2g | 0.07oz panthenol
0.5g | 0.017oz liquid germall plus (USA / Canada) (or other broad spectrum preservative of choice at recommended usage rate [why?])

Prepare a water bath by bringing about 3cm/1″ of water to a bare simmer over low to medium-low heat in a wide, flat-bottomed sauté pan.

Weigh the water, silk, glycerin, and keratin into a small heat-resistant glass measuring cup. Weigh the Monoi, BTMS-50, and cetyl alcohol into a second heat-resistant glass measuring cup. Place both measuring cups in your prepared water bath to melt everything through.

After about 20–30 minutes the oil part should be completely melted and the water part should be thoroughly dissolved. Remove the water bath from the heat, and pour the water part into the oil part. Stir with a flexible silicone spatula to incorporate.

Grab your immersion blender and begin blending the conditioner, starting with short bursts so the still-very-liquid conditioner doesn’t whirl up and spray everywhere. Blend for about a minute, leave to cool for ten, blend for another minute or two, and repeat this blend-cool-blend cycle until the outside of the glass measuring cup is barely warm to the touch and the conditioner is thick and creamy.

During one of the cooling phases, weigh the vitamin E, panthenol, and preservative into a small container and set aside.

Once the conditioner is thick, creamy, and cool, scoop a bit of it into your small container with the vitamin E, stir all that together, and then scoop all that back into the rest of the conditioner, and stir all of that together until it’s nice and smooth and lovely. If you want to add some sort of scent/essential oil/fragrance, now would be the time to do it (~15–20 drops is a good place to start), but the Monoi is quite fragrant on its own, so see what you think. I like citrussy scents with Monoi as I find the scent of straight-up Monoi to be very sweet, and the citrus helps counter the very floral/saccharine notes of the Monoi.

That’s it! Transfer your conditioner to a squeeze or pump-top bottle and you’re ready to use it 🙂 Use it after shampooing and your acidic rinse (if you need one); I like to apply my Monoi de Tahiti Hair Conditioner from about the ears down and leave it in while I shave my legs (which I can also do with conditioner—booyah!), and then rinse it out. Voila! Enjoy your oh-so-lovely, conditioned hair.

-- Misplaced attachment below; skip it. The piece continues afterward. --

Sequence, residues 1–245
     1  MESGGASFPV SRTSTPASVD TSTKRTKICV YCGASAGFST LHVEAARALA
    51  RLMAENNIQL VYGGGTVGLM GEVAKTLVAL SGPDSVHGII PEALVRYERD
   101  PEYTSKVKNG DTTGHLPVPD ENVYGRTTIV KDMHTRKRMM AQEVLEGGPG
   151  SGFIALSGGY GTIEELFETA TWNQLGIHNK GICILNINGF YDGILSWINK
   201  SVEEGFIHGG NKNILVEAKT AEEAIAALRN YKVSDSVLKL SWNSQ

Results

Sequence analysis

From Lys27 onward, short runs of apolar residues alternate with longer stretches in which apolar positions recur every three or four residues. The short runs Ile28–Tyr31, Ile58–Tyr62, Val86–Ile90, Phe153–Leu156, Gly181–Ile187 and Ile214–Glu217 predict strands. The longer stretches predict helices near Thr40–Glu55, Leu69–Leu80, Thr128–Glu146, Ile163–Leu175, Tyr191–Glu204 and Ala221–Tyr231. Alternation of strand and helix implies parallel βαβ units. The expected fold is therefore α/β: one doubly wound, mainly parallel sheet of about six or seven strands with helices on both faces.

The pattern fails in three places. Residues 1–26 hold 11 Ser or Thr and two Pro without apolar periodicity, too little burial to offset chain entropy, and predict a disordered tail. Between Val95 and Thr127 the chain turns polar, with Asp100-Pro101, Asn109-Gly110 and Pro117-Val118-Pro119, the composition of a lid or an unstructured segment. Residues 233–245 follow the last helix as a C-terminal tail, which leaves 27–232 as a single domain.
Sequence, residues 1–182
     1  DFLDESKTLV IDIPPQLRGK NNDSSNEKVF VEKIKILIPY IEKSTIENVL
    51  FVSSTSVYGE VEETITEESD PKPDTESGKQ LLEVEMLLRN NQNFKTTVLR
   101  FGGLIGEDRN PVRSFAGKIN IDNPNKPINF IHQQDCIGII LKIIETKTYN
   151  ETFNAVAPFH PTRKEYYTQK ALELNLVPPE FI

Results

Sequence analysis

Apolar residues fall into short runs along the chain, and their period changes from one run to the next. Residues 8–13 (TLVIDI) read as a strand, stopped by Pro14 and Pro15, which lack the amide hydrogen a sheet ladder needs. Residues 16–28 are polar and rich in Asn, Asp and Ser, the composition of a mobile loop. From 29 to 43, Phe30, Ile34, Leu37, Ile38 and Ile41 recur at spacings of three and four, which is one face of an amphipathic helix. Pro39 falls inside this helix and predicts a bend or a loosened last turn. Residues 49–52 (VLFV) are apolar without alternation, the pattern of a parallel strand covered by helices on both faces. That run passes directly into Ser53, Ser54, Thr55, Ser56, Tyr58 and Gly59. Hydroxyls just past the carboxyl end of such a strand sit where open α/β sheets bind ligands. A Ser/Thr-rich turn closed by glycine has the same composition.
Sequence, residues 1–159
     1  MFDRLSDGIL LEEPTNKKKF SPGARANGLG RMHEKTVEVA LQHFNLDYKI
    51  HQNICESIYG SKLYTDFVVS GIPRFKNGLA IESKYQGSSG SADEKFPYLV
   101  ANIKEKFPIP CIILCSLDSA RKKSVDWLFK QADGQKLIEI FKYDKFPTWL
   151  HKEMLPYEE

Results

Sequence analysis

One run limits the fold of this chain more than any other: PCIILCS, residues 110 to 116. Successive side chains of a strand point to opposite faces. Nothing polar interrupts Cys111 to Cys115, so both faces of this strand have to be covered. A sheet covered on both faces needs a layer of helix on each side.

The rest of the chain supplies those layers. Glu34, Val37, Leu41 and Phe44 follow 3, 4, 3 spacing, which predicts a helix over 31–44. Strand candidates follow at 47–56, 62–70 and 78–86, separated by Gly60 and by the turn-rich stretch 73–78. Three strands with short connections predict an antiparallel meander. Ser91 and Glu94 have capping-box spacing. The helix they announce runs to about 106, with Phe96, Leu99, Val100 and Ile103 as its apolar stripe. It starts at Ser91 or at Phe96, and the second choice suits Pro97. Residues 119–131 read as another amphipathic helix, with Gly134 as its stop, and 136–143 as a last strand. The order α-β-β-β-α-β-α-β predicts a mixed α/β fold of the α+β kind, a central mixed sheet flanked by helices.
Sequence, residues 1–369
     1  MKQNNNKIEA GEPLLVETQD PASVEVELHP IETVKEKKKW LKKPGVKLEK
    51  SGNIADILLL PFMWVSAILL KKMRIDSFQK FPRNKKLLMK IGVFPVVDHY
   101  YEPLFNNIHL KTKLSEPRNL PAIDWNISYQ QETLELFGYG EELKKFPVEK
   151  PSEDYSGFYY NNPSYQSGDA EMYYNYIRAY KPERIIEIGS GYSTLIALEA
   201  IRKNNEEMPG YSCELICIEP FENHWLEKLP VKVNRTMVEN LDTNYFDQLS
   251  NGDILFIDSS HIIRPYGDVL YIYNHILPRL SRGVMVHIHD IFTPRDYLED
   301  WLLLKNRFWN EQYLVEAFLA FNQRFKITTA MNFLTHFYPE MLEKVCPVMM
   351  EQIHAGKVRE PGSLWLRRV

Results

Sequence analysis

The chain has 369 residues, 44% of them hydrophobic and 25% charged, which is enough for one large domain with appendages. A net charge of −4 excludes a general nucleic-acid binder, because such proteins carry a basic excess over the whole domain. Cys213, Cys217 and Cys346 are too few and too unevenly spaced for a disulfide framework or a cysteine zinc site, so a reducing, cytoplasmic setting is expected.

Because this conditioner contains water, you must include a broad-spectrum preservative to ward off microbial growth. This is non-optional. Even with a preservative this project is likely to eventually spoil as our kitchens are not sterile laboratories, so in the event you notice any change in colour, scent, or texture, chuck it out and make a fresh batch.

Substitutions

  • If you don’t have phytokeratin you can replace it with an equal amount of cromoist (hydrolyzed oat protein), sea kelp bioferment, bamboo bioferment, or water
  • If you don’t have Monoi de Tahiti you can use coconut oil instead and then scent the conditioner with something else you like
  • While you can use a different emulsifying wax than BTMS-50, most other e-waxes are not cationic, which is a vital and core characteristic of a hair conditioner (rather than a hair lotion, which is still nice, but not truly conditioning). BTMS-25 would be the best alternative, but if you can’t get that, either, than you can use something like Polawax, e-wax NF, or emulsimulse/ritamulse. If you’re using a non cationic e-wax I’d recommend swapping out 2g (0.07oz) of the water for a liquid cationic polymer like honeyquat or polyquat to get that cationic conditioning from somewhere else.
  • If you don’t have cetyl alcohol, replace it with an equal weight of monoi or stearic acid.
  • I’ve provided the vitamin E in both weight and drops as the exact amount isn’t imperative. You might notice the required weight of the preservative and of the vitamin E is the same, and you might be tempted to use the vitamin E drops to measure out the preservative, but do not do this! Using the amount of the preservative is much more important, and the two ingredients have very different densities, meaning the drops-to-gram amount is not the same.
  • If you don’t have panthenol, replace it with an equal amount of sodium lactate or water

How to Make Monoi de Tahiti Hair Conditioner

How to Make Monoi de Tahiti Hair Conditioner